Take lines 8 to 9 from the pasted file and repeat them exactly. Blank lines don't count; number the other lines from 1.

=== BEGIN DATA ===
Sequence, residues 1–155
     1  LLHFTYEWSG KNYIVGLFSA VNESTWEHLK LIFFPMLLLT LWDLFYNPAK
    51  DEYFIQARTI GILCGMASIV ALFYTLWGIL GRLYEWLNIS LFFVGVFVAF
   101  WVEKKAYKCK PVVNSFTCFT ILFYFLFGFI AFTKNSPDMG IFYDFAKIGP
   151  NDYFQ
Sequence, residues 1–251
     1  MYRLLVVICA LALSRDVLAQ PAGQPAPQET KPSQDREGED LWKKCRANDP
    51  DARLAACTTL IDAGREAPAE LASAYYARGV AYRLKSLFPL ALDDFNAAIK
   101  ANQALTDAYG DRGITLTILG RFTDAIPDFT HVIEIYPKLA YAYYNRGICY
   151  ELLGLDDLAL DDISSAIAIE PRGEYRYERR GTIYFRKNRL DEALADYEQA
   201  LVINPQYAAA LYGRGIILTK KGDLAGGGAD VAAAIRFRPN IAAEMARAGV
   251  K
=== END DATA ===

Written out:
    51  DARLAACTTL IDAGREAPAE LASAYYARGV AYRLKSLFPL ALDDFNAAIK
   101  ANQALTDAYG DRGITLTILG RFTDAIPDFT HVIEIYPKLA YAYYNRGICY